Radio Movie Review
Cuba Gooding, Jr. has spent the better portion of a decade proving that his Oscar-winning performance in Jerry Maguire was a fluke, with such horrors as Snow Dogs, The Fighting Temptations and Boat Trip - among others - there to blemish his career. His latest film, Radio, marks his return to drama, but is it enough to save him?
Radio has Gooding playing the title character, whose real name is James Robert Kennedy. Radio is a mentally disabled young man who spends his days walking around his South Carolina town with very little to do. He doesn't talk much and at times is harassed by people. However, the local football coach, Coach Jones (Ed Harris), takes a liking to him and allows him to help out with the team. Soon, Radio becomes an unlikely inspiration for the team and the community. So, in other words, the movie is a PG-rated, feel good drama that is about as formulaic as they get, even though it is based on a true story.
Radio isn't a bad movie, as long as you don't mind somewhat forced drama and predictable scenes. It is entertaining and rarely boring, but not completely captivating, either. Most of the characters are easy to like, but it is hard to ever really care for them, either. All in all, it will appeal to families looking for light entertainment, but not those looking for something even remotely powerful.
Gooding, Jr. does a fairly good job as Radio, but as we only get to see the real guy for a few seconds at the end of the movie, it is hard to tell just how good of a portrayal it is. After all, the Radio in the movie is sort of a goofy-looking guy with bad teeth and a stereotypical voice; perhaps this is close to the real thing, but perhaps it is not. Gooding, who is not my favorite actor, is believable but never really moving. Some say that he is extraordinary here; others can't stand him. In reality, he is somewhere in between, but compared to Sean Penn, who played a mentally disabled man in I Am Sam, he is nothing.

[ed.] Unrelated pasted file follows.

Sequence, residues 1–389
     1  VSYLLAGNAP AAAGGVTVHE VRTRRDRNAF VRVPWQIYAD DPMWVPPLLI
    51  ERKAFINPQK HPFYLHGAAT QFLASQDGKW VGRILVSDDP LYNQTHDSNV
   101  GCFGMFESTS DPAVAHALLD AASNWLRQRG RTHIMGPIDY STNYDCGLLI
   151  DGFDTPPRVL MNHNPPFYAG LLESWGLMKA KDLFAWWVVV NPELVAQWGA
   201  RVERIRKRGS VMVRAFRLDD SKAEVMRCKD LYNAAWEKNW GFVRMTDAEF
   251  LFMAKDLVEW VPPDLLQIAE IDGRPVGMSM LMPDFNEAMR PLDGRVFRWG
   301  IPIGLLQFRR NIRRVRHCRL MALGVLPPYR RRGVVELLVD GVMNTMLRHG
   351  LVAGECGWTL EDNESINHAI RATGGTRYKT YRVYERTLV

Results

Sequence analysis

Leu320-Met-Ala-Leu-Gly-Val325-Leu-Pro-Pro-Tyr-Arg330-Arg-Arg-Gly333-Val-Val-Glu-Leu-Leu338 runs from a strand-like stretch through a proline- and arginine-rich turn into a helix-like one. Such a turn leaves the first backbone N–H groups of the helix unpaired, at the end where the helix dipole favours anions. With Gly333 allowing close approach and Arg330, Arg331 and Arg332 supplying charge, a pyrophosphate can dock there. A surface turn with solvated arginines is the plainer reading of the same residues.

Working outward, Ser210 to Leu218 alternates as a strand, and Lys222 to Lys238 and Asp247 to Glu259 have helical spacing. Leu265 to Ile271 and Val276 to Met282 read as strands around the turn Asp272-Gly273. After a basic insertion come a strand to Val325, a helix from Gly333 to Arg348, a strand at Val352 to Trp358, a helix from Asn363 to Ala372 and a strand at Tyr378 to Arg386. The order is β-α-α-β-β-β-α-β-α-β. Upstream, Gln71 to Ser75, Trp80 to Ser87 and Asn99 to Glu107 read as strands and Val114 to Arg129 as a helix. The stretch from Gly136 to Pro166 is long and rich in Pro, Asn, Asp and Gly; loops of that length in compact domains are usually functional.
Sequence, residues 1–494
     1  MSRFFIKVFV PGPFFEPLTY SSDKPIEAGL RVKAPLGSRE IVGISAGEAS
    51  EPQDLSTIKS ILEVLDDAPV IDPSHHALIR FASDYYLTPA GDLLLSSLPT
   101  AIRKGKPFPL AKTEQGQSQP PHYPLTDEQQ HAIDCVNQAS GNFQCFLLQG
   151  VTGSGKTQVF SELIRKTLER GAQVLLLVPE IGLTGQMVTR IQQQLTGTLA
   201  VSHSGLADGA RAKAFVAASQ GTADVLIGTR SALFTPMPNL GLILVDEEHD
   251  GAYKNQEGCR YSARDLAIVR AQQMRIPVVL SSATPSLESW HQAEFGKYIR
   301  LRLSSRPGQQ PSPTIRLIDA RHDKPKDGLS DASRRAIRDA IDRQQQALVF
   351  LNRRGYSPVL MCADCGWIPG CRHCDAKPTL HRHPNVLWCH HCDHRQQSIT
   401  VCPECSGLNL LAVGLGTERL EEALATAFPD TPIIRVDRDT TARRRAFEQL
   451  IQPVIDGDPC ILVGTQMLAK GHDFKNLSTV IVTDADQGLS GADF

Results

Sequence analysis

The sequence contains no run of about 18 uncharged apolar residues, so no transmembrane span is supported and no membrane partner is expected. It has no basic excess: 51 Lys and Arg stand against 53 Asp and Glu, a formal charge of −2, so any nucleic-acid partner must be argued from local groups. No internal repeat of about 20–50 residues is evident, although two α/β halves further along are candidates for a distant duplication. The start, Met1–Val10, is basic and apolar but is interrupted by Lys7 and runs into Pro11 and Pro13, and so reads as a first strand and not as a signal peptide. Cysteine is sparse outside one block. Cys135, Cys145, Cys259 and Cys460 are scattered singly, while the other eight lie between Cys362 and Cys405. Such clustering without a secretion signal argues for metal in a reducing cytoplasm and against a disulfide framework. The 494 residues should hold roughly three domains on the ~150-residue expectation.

Most annoying about Radio is that the movie is less about the man than those around him. Ed Harris actually gets a lot more screen time (he's pretty good, though not as good as Denzel Washington in Remember the Titans) and should easily be labeled as the lead character. His character is interesting enough, but it seems as though those in charge thought that Radio was too simple of a person to examine. Just because someone is mentally disabled does not mean that he is any less complex - just different. Nevertheless, Radio never explores who he is; it never examines his history. By the end of the movie, it is quite clear that he likes radios and football, but I still do not know who he really is.
Radio is an enjoyable film to watch with the family, but never really reaches where it wants to be. It lacks the power, direction and focus of a good drama, but if you don't need that, then Radio might be worth seeing.
Review by Erik Samdahl unless otherwise indicated.